- Lack of evidence for spinal arachnoiditis or lumbar spinal stenosis. While nerve root compression on its own can still qualify you for benefits, other diagnoses have more specific requirements. For example, spinal arachnoiditis (inflammation of the arachnoid membrane) requires a tissue biopsy, medical imaging, and/or symptom documentation to diagnose. Lumbar spinal stenosis (narrowing of the lower spine) requires documentation of inflamed spinal nerves and documentation of pain and weakness. Consult with your physician to ensure that you meet at least one of these Blue Book listings to be sure you are eligible for benefits.
Medical Evidence Needed To Qualify
One of the most common reasons why claims for disability benefits are initially denied is that the person didn’t submit enough medical documentation of their claim.
Medical documentation is essential to getting a claim approved. When the Social Security Administration is going over claims all they have to go on is the medical documentation that is provided.
The more documentation you submit the better your chances are of getting approved the first time.
However, you need to submit the right medical documentation. You should submit things like a doctor’s diagnosis, a treatment plan, MRIs and X-rays, and other evidence that shows beyond the shadow of a doubt the nature of your disability.
Your Upcoming Disability Hearing
Disability hearings involve you presenting your disability case in person to an administrative law judge, or ALJ. Both the hearing and your scheduling of the hearing occur at your closest Office of Disability Adjudication and Review, or ODAR. These offices are located in the majority of big cities in each state. If you are too far from your closest ODAR to schedule a hearing in person, you can speak with the office over the phone and potentially schedule a video hearing when the time comes.
To prepare for your hearing, begin by preparing all medical and financial evidence provided on your initial disability application. Then, work through each section of the application and try to find new evidence to support each section. For instance, try to redo any medical tests over 12 months old to a) give an updated snapshot of your current condition, and b) give your ALJ comparative evidence for your case.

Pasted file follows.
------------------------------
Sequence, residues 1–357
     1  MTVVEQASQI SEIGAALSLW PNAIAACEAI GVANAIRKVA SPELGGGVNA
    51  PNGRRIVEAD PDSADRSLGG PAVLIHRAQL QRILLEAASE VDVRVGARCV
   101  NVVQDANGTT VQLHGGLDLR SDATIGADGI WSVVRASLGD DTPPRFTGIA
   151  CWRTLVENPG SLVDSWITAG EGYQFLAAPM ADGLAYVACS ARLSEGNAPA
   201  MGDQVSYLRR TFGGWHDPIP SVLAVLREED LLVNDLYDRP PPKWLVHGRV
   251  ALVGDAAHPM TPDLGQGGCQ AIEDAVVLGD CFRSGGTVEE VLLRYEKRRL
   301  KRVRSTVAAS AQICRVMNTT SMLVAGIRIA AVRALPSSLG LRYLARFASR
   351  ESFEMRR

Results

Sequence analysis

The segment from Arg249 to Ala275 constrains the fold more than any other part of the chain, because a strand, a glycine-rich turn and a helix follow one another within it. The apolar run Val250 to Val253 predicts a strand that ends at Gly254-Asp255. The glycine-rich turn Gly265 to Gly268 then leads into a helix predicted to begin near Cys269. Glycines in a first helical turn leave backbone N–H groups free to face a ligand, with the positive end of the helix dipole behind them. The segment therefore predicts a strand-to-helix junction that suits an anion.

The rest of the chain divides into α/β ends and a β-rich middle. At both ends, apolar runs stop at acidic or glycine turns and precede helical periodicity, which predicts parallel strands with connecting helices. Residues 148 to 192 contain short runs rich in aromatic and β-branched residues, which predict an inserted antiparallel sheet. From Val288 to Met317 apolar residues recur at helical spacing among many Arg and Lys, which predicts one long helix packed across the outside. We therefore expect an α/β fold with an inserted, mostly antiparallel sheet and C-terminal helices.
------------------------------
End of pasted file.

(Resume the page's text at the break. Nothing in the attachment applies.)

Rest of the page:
Include new medications, hospitalization records, assistive devices, or any new developments in your medical history. You can even get written or in-person testimonies to provide during your hearing from people that can attest to your condition’s severity. It is always better to have more material than less here.
Consulting with a Disability Attorney
One of the biggest assets you can have on a disability case is a disability attorney or advocate. Their entire line of work is suited for cases like yours, dedicated to strengthening cases, taking the tough organization into their own hands, and providing the most professional representation during your hearing. Better yet, federal regulation prevents them from taking payment for their services until after they’ve won you your disability case.
Consider a free consultation with a disability attorney before your hearing to ensure you have the best shot at getting the benefits you deserve after suffering a herniated disc.